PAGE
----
By Rania El Gamal and Ahmad Ghaddar
ALGIERS (Reuters) – OPEC and other oil producers are discussing the possibility of raising output by 500,000 barrels per day (bpd) to counter falling supply from Iran because of U.S. sanctions, a source familiar with the discussions told Reuters.
The development comes as oil reached $80 a barrel this month, prompting U.S. President Donald Trump to call again on the Organization of the Petroleum Exporting Countries (OPEC) to help to bring down prices.
OPEC, Russia and other allies agreed a deal in late 2016 to cut supply, but after months of cutting by more than the pact had called for, they agreed in June to boost output by returning to 100 percent compliance. That equates to an increase of about 1 million bpd.
The current discussions are not finalised, but it would mean that oil producers would need to lower compliance to less than 100 percent, the source said on Friday.
Benchmark Brent oil prices fell by more than $1 on the news of a potential output boost, slipping to below $79 a barrel.
OPEC and its non-OPEC allies will gather in Algeria over the weekend to review compliance with existing cuts.
Three OPEC and non-OPEC sources told Reuters on Friday that latest data has shown that OPEC and its allies supplied less oil in August to world markets than they did in July, mainly because of a drop in Iranian production.
In July OPEC and non-OPEC producers reduced output by 9 percent more than called for in their pact. The cut in August was even higher, the three sources said without providing exact figures, which will be discussed in Algiers this weekend.
OPEC sources said that any official action to raise output would require OPEC to hold what it calls an extraordinary meeting – a proposal that is not on the table yet.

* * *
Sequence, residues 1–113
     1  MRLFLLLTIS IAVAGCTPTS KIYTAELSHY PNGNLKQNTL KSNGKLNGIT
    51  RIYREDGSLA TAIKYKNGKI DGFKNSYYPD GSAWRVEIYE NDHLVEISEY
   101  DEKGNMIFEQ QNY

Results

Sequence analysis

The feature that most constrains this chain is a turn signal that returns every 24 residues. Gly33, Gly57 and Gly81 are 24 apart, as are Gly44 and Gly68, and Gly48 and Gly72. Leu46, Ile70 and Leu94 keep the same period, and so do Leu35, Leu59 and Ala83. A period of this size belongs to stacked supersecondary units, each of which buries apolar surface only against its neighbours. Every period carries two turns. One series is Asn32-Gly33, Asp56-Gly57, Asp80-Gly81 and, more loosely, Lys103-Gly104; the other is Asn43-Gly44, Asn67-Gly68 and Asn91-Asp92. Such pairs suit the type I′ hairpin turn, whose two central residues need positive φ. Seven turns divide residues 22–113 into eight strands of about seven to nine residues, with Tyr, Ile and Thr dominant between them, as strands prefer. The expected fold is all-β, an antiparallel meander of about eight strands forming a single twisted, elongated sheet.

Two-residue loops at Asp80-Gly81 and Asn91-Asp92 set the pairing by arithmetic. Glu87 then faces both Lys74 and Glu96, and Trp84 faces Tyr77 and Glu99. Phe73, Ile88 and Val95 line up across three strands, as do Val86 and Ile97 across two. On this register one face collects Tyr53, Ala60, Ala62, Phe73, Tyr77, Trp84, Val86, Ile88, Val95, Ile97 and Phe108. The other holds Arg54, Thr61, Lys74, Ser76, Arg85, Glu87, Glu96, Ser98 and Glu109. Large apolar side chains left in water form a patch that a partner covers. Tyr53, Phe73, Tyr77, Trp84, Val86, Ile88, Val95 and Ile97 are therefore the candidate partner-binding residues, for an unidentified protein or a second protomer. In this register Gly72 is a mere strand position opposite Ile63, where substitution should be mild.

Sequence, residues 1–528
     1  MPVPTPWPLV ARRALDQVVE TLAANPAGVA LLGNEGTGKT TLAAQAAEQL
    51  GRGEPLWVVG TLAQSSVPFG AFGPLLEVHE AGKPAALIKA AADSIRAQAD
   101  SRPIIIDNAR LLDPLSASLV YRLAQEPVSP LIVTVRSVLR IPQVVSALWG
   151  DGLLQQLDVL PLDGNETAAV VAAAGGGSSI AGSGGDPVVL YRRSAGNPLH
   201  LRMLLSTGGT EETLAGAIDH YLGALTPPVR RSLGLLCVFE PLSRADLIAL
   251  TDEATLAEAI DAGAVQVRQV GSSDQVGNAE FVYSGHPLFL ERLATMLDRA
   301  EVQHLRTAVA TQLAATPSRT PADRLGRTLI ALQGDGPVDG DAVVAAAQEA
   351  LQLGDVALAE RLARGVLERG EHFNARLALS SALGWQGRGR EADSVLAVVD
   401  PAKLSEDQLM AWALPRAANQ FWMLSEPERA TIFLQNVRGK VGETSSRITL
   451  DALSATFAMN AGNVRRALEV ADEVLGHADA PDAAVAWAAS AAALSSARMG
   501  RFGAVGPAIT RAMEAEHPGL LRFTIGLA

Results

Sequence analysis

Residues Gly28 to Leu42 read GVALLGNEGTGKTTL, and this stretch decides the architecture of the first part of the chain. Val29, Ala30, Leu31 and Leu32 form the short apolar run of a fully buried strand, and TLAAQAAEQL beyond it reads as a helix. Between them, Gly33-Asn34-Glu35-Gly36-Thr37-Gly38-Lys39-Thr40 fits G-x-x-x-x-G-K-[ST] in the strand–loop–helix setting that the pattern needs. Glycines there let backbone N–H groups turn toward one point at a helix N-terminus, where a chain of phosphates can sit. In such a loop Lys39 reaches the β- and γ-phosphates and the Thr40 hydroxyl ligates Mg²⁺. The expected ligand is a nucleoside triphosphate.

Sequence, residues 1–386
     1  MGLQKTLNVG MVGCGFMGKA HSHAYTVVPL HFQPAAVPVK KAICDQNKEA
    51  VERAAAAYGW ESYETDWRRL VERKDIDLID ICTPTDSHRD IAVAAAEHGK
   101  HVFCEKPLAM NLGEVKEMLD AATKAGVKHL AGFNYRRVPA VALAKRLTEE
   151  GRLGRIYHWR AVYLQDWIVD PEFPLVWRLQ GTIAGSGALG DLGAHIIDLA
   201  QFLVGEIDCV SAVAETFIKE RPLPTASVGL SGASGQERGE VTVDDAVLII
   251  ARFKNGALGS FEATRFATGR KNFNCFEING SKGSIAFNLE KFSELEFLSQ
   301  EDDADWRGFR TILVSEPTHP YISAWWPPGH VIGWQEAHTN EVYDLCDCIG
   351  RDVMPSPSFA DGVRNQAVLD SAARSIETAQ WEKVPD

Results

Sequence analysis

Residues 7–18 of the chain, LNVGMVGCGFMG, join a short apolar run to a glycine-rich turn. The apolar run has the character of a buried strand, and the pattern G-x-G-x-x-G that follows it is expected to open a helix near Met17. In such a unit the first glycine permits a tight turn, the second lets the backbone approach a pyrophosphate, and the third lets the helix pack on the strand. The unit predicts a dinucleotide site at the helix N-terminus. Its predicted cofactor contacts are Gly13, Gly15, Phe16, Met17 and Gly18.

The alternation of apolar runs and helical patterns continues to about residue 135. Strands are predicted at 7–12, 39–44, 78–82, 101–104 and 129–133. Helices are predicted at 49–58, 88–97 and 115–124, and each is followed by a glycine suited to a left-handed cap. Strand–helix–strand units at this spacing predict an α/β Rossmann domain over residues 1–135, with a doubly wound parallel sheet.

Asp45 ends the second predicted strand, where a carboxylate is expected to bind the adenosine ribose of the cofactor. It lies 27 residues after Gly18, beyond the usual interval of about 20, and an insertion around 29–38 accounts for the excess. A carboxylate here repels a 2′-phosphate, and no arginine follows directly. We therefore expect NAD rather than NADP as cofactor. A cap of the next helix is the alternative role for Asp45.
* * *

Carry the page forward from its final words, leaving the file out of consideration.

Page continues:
But the joint OPEC and non-OPEC ministerial committee known as the JMMC, which meets on Sunday, can still recommend a further increase in output if needed, the sources said.
“There are discussions to increase production by another 500,000 bpd. They (OPEC and non-OPEC) can increase output when they meet in December,” the source said, referring to the next formal OPEC meeting, scheduled for Dec. 3.
On Thursday President Trump linked American support for Middle Eastern countries to oil prices as he again urged OPEC to lower prices.
“We protect the countries of the Middle East, they would not be safe for very long without us, and yet they continue to push for higher and higher oil prices! We will remember. The OPEC monopoly must get prices down now!” Trump wrote on Twitter.
OPEC’s July decision to raise oil production also followed a series of Trump tweets.
Rising U.S. gasoline prices could create a political headache for Trump before November congressional elections by offsetting Republican claims that his tax cuts and rollbacks of federal regulations have helped to boost the U.S. economy.
Iran, OPEC’s third-largest producer behind Saudi Arabia and Iraq, has pledged to block any supply increases. Tehran says the price rally was instigated by Trump himself when he decided to put additional sanctions on Iranian oil sales.
It has also accused arch-rival Saudi Arabia of discrediting OPEC by following instructions from the United States, which is not part of the group. Iran’s oil minister, Bijan Zanganeh, does not plan to attend the meeting in Algiers.
All OPEC production policy decisions must, in theory, gain 100 percent approval from its members.
(Reporting by Rania El Gamal and Ahmad Ghaddar; Additional reporting by Alex Lawler; writing by Dmitry Zhdannikov; editing by Emelia Sithole-Matarise and David Goodman)